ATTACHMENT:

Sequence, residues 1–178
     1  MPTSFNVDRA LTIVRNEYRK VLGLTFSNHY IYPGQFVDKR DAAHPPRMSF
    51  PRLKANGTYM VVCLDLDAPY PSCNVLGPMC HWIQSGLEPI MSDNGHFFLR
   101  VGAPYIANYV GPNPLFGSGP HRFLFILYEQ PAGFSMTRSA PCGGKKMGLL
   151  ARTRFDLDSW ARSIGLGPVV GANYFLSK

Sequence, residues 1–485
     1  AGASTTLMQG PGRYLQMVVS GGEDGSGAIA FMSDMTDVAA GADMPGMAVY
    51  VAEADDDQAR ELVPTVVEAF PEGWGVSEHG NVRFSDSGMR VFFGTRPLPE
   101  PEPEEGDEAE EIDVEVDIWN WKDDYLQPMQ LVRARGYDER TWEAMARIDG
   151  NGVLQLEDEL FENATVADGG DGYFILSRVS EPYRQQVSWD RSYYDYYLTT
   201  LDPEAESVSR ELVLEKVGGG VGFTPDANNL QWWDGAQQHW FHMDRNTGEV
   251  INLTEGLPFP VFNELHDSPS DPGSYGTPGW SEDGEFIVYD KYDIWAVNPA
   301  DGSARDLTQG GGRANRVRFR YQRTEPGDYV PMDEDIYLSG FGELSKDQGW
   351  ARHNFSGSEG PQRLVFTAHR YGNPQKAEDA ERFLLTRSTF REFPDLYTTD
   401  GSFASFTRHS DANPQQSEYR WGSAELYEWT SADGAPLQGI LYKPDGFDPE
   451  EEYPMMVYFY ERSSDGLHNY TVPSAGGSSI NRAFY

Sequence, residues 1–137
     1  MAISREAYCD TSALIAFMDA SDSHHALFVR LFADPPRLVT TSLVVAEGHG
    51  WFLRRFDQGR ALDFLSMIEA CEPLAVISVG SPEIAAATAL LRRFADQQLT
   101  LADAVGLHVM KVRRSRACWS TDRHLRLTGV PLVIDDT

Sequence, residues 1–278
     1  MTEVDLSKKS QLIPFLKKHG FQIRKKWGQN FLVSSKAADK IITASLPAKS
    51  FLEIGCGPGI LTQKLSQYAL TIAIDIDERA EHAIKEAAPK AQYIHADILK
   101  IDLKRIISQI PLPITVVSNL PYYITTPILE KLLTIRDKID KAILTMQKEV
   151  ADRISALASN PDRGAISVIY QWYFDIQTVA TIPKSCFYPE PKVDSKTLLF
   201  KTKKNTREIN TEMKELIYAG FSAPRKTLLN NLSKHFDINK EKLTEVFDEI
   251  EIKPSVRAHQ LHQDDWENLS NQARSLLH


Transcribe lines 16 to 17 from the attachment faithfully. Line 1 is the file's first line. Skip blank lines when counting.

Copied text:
   451  EEYPMMVYFY ERSSDGLHNY TVPSAGGSSI NRAFY

Sequence, residues 1–137